Fr Deryck Hanshell SJ concludes his articles on the Mass with the Sacrament of Communion.
AFTER THE consecration, the priest is instructed to genuflect. The custom that has grown up (especially irt certain student Masses) of nobody's genuflecting is not to be tolerated.
The people should kneel for the consecration. It is not often that they are too crowded together for this or that for some other reason it is not practicable. Nor is their gathering round the altar an excuse: they should not have been invited to do this in the first place.
On no account may the people be permitted to recite with the priest any part of the Eucharistic Prayer or Canon, not even the doxology at the end — which would destroy the whole impact of what does belong to the people, the "great amen", their affirmation of all that has gone before. Granted that the full force of the amen is only realized when the doxology is sung, the priest can nevertheless elicit a more than perfunctory response by reciting the doxology in a slightly raised voice and at a slightly reduced pace.
Care should he taken before giving out communion to genuflect before the ciborium, whether this has been brought from the tabernacle or whether the hosts in it have been consecrated in the same Mass. if any hosts are left after communion there should be another genuflection when the ciborium has been placed on the altar.
Communion is always to be administered to the people; they should never be encouraged to help themselves from the chalice placed on the altar for that purpose.
The giving of communion is a ministerial function, and if layfoik are promoted to this office, they are 'lieutenants' of the ordained clergy, and they should be clad as ministers of the altar.
To give thy blessing the priest holds his hands together before his chest, and then while saying the words parts his hands and joins them again. Then while the right hand describes the sign of the cross towards the people (the fingers held straight and 'culling' with the little finger), the left hand is placed, fingers together, on the chest. The hands are then brought together for the lie missa est.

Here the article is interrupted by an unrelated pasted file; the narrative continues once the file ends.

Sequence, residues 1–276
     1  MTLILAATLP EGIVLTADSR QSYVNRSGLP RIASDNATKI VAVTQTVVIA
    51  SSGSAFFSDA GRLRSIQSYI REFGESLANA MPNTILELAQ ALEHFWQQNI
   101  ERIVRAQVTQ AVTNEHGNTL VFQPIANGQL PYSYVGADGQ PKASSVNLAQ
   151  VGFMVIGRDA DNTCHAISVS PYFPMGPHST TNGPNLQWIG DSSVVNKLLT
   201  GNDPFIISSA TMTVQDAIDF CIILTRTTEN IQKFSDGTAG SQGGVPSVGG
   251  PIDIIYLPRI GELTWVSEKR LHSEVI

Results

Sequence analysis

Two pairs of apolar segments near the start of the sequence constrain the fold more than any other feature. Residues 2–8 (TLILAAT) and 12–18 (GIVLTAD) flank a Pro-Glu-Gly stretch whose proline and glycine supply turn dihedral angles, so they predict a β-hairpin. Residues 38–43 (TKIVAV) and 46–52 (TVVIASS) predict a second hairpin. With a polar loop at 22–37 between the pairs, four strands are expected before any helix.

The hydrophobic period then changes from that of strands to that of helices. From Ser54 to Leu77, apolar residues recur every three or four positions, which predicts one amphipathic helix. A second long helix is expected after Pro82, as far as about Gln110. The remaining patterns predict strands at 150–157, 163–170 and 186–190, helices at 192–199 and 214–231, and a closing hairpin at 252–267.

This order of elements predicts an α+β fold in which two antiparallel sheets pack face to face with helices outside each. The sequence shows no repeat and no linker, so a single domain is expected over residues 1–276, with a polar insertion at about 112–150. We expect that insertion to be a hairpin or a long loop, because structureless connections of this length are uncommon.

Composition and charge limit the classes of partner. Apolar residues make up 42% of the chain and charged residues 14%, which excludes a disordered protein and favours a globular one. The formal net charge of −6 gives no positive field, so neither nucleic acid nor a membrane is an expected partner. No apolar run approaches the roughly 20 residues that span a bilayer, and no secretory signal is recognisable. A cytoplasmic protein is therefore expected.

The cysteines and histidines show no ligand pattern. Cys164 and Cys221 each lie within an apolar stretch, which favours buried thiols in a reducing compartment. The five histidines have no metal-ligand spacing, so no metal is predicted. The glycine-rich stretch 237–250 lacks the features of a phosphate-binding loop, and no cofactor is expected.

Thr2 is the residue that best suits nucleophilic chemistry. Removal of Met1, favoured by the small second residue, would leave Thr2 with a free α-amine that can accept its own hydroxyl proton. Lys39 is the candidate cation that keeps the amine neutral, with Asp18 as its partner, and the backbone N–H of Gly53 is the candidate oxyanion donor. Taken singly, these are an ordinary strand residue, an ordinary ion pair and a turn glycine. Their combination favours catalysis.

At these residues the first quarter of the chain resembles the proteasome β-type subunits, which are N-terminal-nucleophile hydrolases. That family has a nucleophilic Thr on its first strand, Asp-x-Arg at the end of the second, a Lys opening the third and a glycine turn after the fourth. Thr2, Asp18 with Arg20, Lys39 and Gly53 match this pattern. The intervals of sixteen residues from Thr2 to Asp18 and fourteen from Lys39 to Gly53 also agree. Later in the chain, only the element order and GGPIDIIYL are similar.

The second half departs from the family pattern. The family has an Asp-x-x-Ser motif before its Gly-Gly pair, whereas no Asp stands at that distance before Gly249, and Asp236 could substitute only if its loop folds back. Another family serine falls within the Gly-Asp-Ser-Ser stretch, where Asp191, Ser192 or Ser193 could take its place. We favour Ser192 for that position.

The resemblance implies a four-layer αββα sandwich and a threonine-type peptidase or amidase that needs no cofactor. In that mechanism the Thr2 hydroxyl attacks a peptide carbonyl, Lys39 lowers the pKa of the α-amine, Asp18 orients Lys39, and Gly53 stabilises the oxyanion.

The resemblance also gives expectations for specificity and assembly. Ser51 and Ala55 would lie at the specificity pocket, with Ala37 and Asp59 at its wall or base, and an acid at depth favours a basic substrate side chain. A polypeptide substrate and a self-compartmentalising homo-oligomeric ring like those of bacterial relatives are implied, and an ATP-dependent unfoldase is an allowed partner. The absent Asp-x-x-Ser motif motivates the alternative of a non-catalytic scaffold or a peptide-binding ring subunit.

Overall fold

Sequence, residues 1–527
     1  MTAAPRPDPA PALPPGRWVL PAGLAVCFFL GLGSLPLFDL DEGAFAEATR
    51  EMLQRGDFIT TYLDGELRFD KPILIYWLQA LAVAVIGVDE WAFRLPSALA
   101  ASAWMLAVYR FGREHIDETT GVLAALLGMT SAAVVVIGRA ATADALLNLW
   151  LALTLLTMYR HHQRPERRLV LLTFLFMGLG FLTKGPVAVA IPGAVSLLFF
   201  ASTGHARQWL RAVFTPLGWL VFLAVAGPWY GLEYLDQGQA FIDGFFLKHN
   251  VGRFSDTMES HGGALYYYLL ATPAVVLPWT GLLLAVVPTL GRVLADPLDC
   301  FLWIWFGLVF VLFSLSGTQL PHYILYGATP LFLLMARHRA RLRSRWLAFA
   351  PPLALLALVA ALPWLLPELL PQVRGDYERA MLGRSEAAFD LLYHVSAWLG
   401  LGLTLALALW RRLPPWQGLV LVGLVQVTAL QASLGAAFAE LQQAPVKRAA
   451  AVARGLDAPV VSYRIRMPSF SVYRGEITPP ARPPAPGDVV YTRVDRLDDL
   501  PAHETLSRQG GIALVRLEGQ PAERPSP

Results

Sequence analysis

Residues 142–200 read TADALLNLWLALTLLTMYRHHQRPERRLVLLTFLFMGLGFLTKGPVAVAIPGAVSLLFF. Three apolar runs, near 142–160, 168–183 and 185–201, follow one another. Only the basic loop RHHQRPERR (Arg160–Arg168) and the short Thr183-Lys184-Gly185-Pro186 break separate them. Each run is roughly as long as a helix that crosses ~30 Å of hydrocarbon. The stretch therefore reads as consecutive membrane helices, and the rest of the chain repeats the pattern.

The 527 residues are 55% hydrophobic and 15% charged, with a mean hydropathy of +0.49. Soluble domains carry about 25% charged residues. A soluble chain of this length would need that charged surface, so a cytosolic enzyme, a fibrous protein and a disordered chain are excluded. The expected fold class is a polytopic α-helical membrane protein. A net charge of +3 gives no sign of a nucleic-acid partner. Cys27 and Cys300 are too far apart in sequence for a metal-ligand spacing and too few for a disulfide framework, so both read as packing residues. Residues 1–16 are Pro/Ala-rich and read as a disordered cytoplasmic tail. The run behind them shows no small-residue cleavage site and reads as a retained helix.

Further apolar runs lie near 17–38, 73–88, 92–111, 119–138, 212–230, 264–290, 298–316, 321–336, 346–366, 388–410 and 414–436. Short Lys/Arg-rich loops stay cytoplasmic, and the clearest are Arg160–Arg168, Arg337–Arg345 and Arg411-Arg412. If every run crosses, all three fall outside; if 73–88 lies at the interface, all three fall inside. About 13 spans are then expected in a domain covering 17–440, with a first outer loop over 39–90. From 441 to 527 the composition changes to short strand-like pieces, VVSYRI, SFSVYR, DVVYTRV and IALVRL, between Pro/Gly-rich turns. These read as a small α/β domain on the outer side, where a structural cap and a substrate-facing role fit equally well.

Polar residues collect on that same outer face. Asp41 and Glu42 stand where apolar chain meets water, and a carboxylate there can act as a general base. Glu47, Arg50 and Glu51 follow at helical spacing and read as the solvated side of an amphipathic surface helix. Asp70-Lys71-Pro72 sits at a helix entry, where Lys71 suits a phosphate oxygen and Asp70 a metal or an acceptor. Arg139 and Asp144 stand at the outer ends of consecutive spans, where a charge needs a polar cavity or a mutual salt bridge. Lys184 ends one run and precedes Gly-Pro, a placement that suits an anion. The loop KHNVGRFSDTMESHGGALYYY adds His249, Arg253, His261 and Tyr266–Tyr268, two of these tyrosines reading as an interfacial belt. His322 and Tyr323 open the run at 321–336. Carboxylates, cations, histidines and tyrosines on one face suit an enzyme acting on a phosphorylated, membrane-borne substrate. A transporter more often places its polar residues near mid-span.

The priest kisses the altar at the end of Mass with — as at the beginning — a certain deliberateness.
It would help the spirit and general appearance of reverence II' at the Offertory the priest were to make the sign of the cross over the corporal with the paten and the chalice hefore replacing them after the prayer of offering. This may be the more desirable when Mass is said facing the people. Likewise it would add to the solemnity if the priest were to make the sign of the cross with the host and with the chalice as he says (silently) Corpus . Sunguis Christi ete,, before communicating himself.
In general when Mass is said in the old position some sign of reverence of perhaps a slight inclination of the head should he made before turning away from the altar or on turning back to it. When the sanclissimum is on the altar and the priest turns to the people to say "The peace of the Lord", he ought to make a stronger sign f reverence perhaps a deep bow.
Nothing has been said about solemn Mass though the new missal allows for degrees of solemnity. But those who have a right view of "simple" Mass will have no difficulty when it comes to higher degrees of solemnity. Simple Mass is to be regarded as an adaptation of solemn Mass, and not solemn Mass as the simple sort with bits added on to it.
The rite of Mass comprises ceremonies, and though these have been simplified In a greater or lesser degree, ceremonies they remain; and ceremony — public ceremony — requires attention to detail if il is to be fully expressive. Not all will agree with all that has been said here, hut if it contributes to a greater awareness of what celebrating Mass entails it will have served its purpose.